get a second chance. Yes, the first impression makes a big
difference, but people are moving at the speed of light. They
want to have confidence in what they’re about to invest their
time, money or energy into. So, they want to know that what
they’re about to invest in is going to pay off. And it’s all
about a return on their investment, whatever that might be.
So credibility is big, a big asset.

Kristen: Now, a little birdie told me, and it wasn’t the Twitter bird,
that a while ago you were on the TV show The Apprentice. Can you
talk to me a little bit about that and what you learned about
business from your experiences?

Craig: Yeah, it’s been quite a while. Actually the early years when
they were still writing curriculum at Ivy League schools
surrounding the show. What I learned about that experience was
that experience, my past experiences, will always make room for
me, no matter what the challenge that is in front of me. And we
have quite a few of those challenges. It was an encouraging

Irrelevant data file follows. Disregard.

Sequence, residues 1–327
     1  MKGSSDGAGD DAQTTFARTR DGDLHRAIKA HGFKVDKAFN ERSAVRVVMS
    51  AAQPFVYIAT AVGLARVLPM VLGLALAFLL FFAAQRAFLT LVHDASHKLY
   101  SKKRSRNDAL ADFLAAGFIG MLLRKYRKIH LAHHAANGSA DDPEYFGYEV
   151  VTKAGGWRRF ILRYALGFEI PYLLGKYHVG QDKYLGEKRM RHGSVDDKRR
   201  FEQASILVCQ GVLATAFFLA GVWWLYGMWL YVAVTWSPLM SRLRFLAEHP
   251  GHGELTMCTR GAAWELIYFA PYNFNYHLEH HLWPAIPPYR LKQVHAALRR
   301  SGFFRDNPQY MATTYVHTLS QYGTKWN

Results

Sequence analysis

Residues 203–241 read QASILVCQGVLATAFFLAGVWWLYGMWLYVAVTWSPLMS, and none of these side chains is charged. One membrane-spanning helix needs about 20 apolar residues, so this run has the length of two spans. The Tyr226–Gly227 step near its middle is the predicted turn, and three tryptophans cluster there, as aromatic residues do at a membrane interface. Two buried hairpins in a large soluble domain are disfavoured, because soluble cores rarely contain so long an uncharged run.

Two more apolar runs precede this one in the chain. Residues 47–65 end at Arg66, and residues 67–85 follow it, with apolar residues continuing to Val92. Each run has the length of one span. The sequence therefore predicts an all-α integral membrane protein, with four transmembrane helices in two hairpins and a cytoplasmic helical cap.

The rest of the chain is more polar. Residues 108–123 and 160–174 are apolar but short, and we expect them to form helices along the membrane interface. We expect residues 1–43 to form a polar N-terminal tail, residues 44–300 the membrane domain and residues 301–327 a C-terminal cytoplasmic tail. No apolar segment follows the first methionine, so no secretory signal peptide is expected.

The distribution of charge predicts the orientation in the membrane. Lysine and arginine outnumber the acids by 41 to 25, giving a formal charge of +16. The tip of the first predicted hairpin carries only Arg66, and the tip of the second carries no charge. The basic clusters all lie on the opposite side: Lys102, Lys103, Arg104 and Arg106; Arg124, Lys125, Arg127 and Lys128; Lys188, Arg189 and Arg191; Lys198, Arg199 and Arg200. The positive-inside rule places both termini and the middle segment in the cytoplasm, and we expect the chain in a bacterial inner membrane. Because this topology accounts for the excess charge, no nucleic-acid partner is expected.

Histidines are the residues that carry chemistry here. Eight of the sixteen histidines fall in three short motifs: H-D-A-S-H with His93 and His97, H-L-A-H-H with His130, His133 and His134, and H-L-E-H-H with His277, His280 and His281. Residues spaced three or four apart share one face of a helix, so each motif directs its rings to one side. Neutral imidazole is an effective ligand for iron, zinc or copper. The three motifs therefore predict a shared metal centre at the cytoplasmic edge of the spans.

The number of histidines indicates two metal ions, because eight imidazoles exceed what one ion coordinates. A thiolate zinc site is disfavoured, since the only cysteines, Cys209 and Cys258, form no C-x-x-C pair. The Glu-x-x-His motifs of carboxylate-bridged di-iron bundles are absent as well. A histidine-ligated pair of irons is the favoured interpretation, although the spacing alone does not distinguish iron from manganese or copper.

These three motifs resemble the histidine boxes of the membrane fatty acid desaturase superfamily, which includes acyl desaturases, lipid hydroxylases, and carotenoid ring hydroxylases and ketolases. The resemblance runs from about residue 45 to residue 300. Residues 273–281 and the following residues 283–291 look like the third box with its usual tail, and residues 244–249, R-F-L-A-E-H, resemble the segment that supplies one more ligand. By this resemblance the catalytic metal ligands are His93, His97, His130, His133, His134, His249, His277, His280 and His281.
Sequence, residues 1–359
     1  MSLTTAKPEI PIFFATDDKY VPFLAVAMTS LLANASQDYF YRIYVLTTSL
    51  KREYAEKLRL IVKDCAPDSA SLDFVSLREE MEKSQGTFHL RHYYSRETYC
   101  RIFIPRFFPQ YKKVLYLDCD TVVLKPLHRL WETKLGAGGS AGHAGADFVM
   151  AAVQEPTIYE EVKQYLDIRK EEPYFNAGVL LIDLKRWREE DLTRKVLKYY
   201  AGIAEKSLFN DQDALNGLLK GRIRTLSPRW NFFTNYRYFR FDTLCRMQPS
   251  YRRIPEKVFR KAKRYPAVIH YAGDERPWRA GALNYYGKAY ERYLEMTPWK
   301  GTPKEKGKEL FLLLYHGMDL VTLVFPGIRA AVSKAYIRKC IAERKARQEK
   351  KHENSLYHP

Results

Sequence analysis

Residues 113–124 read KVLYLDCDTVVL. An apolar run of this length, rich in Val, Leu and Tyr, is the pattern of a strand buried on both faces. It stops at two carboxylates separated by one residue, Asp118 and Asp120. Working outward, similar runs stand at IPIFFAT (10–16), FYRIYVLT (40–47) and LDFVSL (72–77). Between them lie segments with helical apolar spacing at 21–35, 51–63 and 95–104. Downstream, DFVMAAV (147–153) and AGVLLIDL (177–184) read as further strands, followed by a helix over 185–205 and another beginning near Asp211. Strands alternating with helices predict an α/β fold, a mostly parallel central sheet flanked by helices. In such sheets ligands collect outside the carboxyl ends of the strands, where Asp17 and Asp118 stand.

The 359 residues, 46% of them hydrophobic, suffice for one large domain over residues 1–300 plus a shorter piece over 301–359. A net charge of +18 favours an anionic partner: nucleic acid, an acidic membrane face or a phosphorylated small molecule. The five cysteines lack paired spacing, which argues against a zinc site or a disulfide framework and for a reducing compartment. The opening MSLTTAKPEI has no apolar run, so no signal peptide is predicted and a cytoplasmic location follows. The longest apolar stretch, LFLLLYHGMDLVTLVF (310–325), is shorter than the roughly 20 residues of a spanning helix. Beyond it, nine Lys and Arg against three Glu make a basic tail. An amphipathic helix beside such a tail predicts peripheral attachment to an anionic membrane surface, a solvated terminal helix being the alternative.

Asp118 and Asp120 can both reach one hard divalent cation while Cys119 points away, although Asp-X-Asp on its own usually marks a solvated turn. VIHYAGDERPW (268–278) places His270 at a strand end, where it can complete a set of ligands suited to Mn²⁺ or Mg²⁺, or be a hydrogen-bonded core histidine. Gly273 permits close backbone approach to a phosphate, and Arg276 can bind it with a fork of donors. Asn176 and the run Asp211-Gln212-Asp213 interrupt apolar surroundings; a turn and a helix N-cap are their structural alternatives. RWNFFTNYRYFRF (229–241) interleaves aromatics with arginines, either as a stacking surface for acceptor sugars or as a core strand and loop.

affirmation and confirmation to the lesson that I learned in my
past experiences, that be ready at any given moment, you’ll have
to reach back sometimes to be successful in the journey of

Kristen: Now, when you went on The Apprentice, did you know that you had
a strong interest in business?

Craig: Oh, definitely; that’s part of what paved the way for me. I’ve
been a serial entrepreneur since sixth grade. So a sense of
providing a service or a product to the marketplace has always
been a part of my life.

Kristen: So what was your first business in the sixth grade?

Craig: Actually, I was an artist on demand. So, I was an early